I move to Toronto tomorrow morning. So instead of doing something practical, like rushing around like the proverbial headless chicken wondering what I have forgotten to pack, I’m writing a blog post about books.
There are all sorts of things that I’m terribly excited for when I get to Toronto. The program, the classes I’m taking, the professors, the library resources, living next door to “Fort Book,” the theatre scene (and the three auditions I have lined up for my first week!), the discounted student tickets to the National Ballet, stage combat classes, the fact that the athletic centre is right across the street …
But when I accepted my offer of residence at Grad House, there was one thing I was definitely not looking forward to: sorting through my books. If you’ve ever been to my house, you know that the basement is home to a 4,000-tome family library, and that’s not including any of my father’s books (roughly another 4,000 volumes, split between his study at home and his study at work). Upstairs, I have six full bookcases of my own, including a large one that takes up most of the closest – when forced to choose between removing two-thirds of my clothes and letting the myriad unshelved books take over the floor in ungainly heaps, I opted for ditching the clothes.
And honestly, that is pretty standard for me. I am a fairly uncomplicated nerd in many ways. When I go on vacation, I always come back with a stack of new books, because I always run out of things to read – even if it’s only a three-day trip. I have never been known to splurge on handbags or heels, but when armed with a debit card, it is a dangerous thing to send me into a bookstore unaccompanied or without a budget – especially a really good used bookstore, like the one I discovered in Vancouver this summer. And when, a couple months ago, a friend asked me what I would do with a million dollars, my answer was straightforward: order a hard copy of the Oxford English Dictionary (20 volumes, $1,000), go to Oxford for my doctorate ($150,000), buy some more books, and put the rest of the money in the bank.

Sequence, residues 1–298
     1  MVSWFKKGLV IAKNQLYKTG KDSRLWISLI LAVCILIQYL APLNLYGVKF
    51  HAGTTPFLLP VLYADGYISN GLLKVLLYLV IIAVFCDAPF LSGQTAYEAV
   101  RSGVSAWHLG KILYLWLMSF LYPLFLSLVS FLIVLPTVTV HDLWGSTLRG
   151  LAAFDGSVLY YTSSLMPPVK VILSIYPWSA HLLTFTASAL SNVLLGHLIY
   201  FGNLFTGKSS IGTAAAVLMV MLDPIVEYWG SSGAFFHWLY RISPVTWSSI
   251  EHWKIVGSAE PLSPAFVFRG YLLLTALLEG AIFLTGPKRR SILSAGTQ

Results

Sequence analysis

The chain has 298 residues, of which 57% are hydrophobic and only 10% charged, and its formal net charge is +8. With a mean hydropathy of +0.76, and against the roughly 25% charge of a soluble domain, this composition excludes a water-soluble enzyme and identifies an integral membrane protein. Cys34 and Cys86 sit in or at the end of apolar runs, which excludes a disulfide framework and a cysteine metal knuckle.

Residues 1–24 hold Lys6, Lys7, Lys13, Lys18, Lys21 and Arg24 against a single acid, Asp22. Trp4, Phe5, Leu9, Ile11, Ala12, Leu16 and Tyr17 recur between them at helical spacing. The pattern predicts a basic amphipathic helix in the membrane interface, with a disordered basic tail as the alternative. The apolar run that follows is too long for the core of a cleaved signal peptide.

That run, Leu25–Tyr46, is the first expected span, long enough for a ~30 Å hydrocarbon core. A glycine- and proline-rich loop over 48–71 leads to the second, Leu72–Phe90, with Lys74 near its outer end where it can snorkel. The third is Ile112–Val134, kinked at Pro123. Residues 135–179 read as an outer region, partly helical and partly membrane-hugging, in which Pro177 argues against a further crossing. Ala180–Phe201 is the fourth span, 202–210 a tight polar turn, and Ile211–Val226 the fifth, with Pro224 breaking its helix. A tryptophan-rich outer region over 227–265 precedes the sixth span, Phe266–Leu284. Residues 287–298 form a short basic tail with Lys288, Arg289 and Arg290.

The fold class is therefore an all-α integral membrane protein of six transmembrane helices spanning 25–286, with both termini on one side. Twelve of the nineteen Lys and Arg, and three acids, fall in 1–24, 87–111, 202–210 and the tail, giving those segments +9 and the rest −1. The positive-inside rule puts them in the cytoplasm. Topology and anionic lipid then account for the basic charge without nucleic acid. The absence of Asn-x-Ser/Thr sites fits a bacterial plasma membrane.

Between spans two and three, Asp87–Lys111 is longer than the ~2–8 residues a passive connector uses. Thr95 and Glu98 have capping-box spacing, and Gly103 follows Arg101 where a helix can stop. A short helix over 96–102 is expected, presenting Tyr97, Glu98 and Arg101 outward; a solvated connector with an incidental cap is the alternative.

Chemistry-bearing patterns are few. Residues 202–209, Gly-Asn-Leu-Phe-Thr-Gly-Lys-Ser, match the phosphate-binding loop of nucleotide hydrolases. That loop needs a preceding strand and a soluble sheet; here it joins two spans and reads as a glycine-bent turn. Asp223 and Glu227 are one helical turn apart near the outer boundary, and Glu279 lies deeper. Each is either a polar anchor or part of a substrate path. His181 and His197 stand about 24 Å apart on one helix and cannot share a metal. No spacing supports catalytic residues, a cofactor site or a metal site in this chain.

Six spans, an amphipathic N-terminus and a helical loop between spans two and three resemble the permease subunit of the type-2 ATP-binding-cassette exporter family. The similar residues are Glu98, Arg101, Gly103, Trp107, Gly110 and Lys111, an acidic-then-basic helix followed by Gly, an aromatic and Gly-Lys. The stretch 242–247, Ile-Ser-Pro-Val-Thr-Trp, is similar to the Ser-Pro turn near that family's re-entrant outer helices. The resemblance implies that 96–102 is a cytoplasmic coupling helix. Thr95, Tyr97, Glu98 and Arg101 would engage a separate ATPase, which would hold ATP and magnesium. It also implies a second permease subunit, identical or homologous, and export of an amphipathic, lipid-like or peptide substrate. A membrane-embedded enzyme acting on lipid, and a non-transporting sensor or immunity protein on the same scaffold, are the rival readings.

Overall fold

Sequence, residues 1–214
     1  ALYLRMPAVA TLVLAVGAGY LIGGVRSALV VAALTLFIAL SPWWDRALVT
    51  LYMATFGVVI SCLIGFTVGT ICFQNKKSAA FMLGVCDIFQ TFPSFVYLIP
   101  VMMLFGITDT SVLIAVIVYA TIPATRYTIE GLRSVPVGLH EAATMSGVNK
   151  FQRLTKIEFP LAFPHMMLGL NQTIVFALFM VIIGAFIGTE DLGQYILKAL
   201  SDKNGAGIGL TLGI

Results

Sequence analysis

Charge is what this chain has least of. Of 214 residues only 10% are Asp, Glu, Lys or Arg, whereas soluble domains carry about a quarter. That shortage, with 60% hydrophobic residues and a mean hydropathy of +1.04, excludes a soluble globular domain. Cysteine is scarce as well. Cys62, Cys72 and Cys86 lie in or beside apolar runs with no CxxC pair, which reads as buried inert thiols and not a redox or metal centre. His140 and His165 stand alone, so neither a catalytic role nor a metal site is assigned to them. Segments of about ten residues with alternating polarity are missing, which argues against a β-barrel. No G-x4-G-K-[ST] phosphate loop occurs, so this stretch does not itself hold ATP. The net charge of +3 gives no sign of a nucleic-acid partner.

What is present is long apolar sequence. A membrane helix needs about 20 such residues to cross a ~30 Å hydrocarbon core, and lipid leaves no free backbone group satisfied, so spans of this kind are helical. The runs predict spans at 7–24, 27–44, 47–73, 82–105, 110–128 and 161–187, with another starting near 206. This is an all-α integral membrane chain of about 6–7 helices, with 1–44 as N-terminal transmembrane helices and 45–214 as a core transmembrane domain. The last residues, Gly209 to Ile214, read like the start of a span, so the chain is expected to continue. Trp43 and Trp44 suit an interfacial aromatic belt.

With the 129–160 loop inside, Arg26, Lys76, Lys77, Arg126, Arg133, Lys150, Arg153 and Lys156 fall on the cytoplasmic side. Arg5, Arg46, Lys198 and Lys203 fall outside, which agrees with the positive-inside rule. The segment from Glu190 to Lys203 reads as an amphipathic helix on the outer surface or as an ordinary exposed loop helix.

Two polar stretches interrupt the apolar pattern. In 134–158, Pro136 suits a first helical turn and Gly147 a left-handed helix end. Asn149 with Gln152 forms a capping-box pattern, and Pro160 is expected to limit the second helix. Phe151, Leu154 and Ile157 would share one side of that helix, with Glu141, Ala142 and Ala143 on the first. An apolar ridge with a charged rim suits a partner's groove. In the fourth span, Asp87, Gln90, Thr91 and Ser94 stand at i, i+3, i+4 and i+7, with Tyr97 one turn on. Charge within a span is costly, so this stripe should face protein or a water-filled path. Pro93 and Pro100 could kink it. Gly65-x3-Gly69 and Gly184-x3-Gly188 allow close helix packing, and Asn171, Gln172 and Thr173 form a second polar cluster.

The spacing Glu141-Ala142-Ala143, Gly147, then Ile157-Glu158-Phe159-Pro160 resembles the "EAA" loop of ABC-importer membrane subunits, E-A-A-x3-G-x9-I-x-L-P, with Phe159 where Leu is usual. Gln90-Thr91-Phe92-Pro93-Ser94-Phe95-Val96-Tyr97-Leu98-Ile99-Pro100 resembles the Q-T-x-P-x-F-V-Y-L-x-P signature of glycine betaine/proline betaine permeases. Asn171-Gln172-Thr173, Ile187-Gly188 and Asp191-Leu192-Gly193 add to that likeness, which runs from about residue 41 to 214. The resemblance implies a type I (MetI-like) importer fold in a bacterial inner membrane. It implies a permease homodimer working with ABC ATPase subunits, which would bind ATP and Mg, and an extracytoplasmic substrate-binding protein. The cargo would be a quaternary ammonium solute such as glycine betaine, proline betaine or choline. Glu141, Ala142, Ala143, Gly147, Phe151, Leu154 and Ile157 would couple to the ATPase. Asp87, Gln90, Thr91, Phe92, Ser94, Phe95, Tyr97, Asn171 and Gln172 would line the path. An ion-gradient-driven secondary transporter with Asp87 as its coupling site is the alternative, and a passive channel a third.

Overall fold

At Grad House there will be only one small bookcase in my room, and bringing additional furniture, aka more bookcases, is strictly forbidden.
Drastic measures have been required. Ruthless sessions of sorting have been followed by adding just one more back onto the pile … and one more … and one more … followed by more ruthless sessions of sorting.
But the six bookcases taking up all available wall space in my room have been whittled down to just over fifty volumes, which fit in two small crates, and generally fall into one or both of the following categories:
– The first, and largest, category is for books that are directly related to my studies (Old English textbooks, E.V. Gordon’s Introduction to Old Norse, various editions of Beowulf, the complete Anglo-Saxon Poetic Records, the Prose Edda, the Poetic Edda, and quite a few others).
– The second category is for books I have decided I do not wish to live without. The Anglo-Saxon Poetic Records fit into this category quite nicely as well – there are really quite a few books from category one that also belong in category two – but this is really the category for stuff like the Complete Works of William Shakespeare, the Complete Sherlock Holmes, Watership Down, and The Silmarillion.